Since 2016, when Maryland reached a $5.6 billion agreement with Purple Line Transit Partners, the project has been beset by poor assumptions and mistaken cost projections. But advocates for the rail line insist that it must go forward because so much money has already been spent.
The Purple Line pushers are wrong again. Now it’s time to stop throwing good money after bad and scrap it.
The Purple Line project was derailed yet again when Purple Line Transit Constructors, a group of companies building the line, announced on May 1 that it is leaving the project because of extensive delays and cost overruns. According to Scott Risley, the Purple Line construction team’s project manager, legal and environmental delays have added 976 days to the project’s timeline and $519 million in costs overruns — so far.
Though a 25 percent cost overrun seems like a lot, it is not a big surprise that a light-rail project would run over budget. As early as 2015, transportation expert Randal O’Toole warned in a study for the Maryland Public Policy Institute that “cost overruns for light rail are the rule rather than the exception.” According to the study, average cost overruns for a light-rail projects in the United States are around 44 percent.
Other mistakes that guided Maryland’s decision to build the Purple Line include overly optimistic ridership predictions and dead-wrong cost-effectiveness calculations. While the Purple Line expects to carry 65,000 riders per day by 2030, The Post pointed out in 2015, “how those [ridership prediction] numbers were calculated, and how realistic they are, remains a mystery to the taxpayers who will pay for the 16-mile line linking Prince George’s and Montgomery counties.” In addition, the Maryland Department of Transportation’s draft environmental impact statement indicates that both the cost per rider and the cost per hour saved for light rail are much higher than for bus improvements.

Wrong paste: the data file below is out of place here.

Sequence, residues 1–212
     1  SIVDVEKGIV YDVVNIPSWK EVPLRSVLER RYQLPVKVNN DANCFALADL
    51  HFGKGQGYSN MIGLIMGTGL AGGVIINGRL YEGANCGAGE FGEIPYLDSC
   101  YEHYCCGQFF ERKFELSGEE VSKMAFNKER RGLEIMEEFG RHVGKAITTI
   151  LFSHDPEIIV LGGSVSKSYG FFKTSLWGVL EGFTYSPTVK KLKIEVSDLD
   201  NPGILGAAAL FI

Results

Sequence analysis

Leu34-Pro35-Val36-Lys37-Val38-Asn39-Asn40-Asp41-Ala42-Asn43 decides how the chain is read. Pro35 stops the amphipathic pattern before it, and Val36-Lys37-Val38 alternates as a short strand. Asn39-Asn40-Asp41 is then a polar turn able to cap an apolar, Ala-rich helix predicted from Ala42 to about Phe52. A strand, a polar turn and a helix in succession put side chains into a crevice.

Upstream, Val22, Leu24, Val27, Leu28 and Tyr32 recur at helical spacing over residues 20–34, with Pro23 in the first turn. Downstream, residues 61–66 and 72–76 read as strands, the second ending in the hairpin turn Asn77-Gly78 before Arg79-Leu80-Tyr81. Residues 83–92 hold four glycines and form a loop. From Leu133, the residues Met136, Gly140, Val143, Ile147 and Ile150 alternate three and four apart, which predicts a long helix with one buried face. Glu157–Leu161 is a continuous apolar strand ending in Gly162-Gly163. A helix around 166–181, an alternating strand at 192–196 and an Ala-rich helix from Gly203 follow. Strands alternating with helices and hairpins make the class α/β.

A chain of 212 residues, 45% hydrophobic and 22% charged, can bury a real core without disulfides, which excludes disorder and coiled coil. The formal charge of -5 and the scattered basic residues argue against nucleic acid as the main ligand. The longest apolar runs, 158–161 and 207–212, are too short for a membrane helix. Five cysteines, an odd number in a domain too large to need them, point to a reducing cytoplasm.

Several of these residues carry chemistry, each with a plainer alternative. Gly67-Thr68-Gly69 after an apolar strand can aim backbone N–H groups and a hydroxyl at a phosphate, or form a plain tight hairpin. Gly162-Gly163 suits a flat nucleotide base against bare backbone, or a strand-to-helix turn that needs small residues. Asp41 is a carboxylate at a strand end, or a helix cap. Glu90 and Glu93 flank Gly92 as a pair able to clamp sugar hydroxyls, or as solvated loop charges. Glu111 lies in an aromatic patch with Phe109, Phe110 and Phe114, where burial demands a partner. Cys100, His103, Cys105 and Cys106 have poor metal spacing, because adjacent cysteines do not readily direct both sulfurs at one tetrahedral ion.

How will Maryland respond to the Purple Line’s growing quagmire?
The most likely but worst possible response would be for Maryland to find another private partner who can take over the project. After all, the state has already spent money to begin the construction. However, this would be a classic misuse of the “sunk cost” argument that is both fundamentally flawed and dangerous. It is more rational to walk away from a project if the incremental benefits are less than the incremental costs. But how many dollars Maryland has already spent on the project is irrelevant to this analysis.
The truly important figure to consider is how much the line would continue to cost the state when construction is finished. Based on the terms of the contract with the Purple Line Transit Partners, it would cost the state at least $150 million annually to operate and maintain it. This adds up to $4.5 billion over 30 years. Electricity to operate the line would cost an additional $2.6 million annually.
The question is: Will the Purple Line bring back to taxpayers the billions of dollars of investment through economic development and increased job opportunities? That outcome is highly unlikely. Even if some development does arrive, it will take decades for the area around the Purple Line to change, when many of the businesses along the line that it purports to benefit won’t even be around to see it open.
The fleeting and likely false promise of improved mobility for Maryland is heavily outweighed by the certainty of higher tax bills for Marylanders. The hard but right choice is to stop shoveling taxpayer cash into the Purple Line’s ravenous engines and abandon the project. It is not too late for Maryland to walk away. Throwing good money after bad will not redeem this boondoggle for taxpayers.